No Job is a Dream Job: All Jobs are WORK

We often think that getting our dream job will make our lives all rainbows and unicorns. But dream jobs are, plain and simple, myths. All jobs involve doing tasks we don’t like – we have to take off the rose-colored glasses and accept that all jobs have both the good and the bad.

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You may think you have found your dream job, but it’s just impossible to get a clear, complete picture of any job until you are actually doing it. The job may look wonderful because of the type of work involved or the particular company you will be working for, but that feeling of euphoria could dissipate rapidly if your supervisor turns out to be narcissistic and unreasonable, or your coworkers are unfriendly, or the company culture is not a good fit.

The Downside of the Dream Job

In fact, psychologists and business experts agree that believing in and looking for that dream job is actually a harmful mindset to get into. You are more than likely just laying the groundwork for disappointment. Or you may be so convinced you have found your dream job that you refuse to acknowledge the warning signs for trouble. Others, in a similar state of stubborn denial, refuse to acknowledge their so-called dream job is more of a nightmare because they cannot face the prospect of being wrong about it.

To be clear, there is nothing wrong with wanting to do work that you truly enjoy. The problem begins when you develop an idealized version of the job in your mind, which seldom comports with reality. And when you have to confront that reality, it can lead to confusion and setbacks, which may end up leading you further away from what you really want to do rather than toward it. We see in our dream job all of the plusses without thinking about the minuses, all of the struggles and sacrifices that are inevitably involved in any job.

The Dream Job Changes

Another reason the dream job is a myth – our vision of such a job is always evolving and changing because we are growing and maturing. Our attitudes, values and beliefs are changing, so what we consider to be the perfect job changes as well. We gain experience and our perspective alters. For example, as a child, a person’s dream job may have been that of a fireman, but as the person matures, it may become a robotics engineer.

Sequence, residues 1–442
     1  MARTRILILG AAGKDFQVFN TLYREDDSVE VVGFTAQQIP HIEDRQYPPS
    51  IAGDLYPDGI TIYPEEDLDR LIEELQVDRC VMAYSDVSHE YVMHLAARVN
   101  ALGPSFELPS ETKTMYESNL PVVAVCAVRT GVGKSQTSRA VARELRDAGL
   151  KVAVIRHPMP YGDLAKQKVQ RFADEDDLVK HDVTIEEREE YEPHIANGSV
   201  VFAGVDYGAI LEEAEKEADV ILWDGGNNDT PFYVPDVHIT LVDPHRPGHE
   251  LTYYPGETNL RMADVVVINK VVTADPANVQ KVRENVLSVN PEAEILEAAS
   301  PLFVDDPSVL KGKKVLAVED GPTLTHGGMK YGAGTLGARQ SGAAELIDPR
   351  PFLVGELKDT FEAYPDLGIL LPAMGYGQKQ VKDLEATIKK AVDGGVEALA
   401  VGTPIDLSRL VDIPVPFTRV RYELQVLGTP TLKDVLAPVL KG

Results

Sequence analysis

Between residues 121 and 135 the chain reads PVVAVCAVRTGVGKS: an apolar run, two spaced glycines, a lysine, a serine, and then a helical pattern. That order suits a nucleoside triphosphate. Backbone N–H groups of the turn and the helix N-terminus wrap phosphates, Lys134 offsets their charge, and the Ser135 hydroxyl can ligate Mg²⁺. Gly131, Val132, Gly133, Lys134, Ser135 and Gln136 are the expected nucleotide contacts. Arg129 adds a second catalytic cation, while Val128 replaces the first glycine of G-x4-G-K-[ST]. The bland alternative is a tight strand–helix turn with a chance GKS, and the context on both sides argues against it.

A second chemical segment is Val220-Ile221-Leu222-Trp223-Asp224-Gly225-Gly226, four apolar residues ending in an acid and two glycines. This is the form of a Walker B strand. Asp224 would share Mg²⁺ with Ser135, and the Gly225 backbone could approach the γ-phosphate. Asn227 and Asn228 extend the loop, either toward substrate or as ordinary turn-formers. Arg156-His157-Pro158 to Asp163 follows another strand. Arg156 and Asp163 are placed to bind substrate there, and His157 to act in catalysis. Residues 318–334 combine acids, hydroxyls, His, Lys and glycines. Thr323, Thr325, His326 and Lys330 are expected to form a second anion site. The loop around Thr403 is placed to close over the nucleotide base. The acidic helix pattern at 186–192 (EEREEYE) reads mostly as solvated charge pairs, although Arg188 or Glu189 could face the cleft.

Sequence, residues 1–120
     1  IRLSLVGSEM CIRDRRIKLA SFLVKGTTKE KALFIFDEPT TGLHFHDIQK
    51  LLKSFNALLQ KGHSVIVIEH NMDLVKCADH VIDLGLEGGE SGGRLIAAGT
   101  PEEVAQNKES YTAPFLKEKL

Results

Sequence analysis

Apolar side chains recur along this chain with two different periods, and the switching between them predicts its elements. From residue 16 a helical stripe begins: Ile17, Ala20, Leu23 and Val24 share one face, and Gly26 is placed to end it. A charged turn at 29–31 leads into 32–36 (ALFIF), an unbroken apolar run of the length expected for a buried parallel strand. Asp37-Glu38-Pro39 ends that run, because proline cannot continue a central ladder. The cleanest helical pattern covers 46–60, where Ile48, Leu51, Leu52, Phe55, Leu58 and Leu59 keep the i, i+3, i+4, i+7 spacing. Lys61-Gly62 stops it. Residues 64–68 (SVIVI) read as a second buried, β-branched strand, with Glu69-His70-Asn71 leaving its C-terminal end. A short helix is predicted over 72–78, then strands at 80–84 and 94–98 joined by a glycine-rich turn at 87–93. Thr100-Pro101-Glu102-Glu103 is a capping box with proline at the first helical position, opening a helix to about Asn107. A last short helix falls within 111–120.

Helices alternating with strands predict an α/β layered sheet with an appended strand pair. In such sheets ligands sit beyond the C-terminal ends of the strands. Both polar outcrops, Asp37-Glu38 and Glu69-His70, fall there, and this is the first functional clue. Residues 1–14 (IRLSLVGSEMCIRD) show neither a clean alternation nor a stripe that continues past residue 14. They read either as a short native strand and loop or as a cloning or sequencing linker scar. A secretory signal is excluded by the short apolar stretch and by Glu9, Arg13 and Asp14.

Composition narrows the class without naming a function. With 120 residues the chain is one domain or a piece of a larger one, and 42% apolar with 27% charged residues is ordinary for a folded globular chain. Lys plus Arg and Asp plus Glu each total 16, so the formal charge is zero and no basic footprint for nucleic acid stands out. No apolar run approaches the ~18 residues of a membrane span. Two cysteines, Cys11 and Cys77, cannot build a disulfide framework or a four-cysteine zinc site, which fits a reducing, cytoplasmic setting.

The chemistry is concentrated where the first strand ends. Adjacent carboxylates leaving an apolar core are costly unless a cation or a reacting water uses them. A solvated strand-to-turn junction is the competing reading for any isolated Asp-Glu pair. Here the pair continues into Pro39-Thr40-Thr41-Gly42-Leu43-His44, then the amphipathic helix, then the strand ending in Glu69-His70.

The job may change also as the parts that form the job change. For example, you may love your job, but you may get a new boss or new coworkers, or there may be changes in company operations or policy that affect your job, and suddenly it is no longer a dream job.

The march of progress may also change your image of a dream job. Technology is creating new jobs all the time, while rendering others obsolete.

It’s natural for your dream job to change over time as you move through your career.  There is nothing wrong with that. What you need to avoid, however, is chasing after a chimera, something that doesn’t exist, except in your mind.

Rather than focusing on some mythical dream job, strive to grow and develop in your career, to enhance your opportunities and options. Even if you don’t land a job you love immediately, as you advance in your working life, you will move closer to your dream job. Every experience is valuable if you learn from it and grow from it. Finding the perfect job is more of a journey, one that is not a straight line, but one that involves trial and error, and testing things out.

Speaking of trying things out, if you’re not sure what type of career you want, consider working as a temporary associate at Helpmates and give different types of jobs and industries a shot. Take a look at some of our current openings and if one or more piques your interest, following application instructions or contact the Helpmates branch nearest you.

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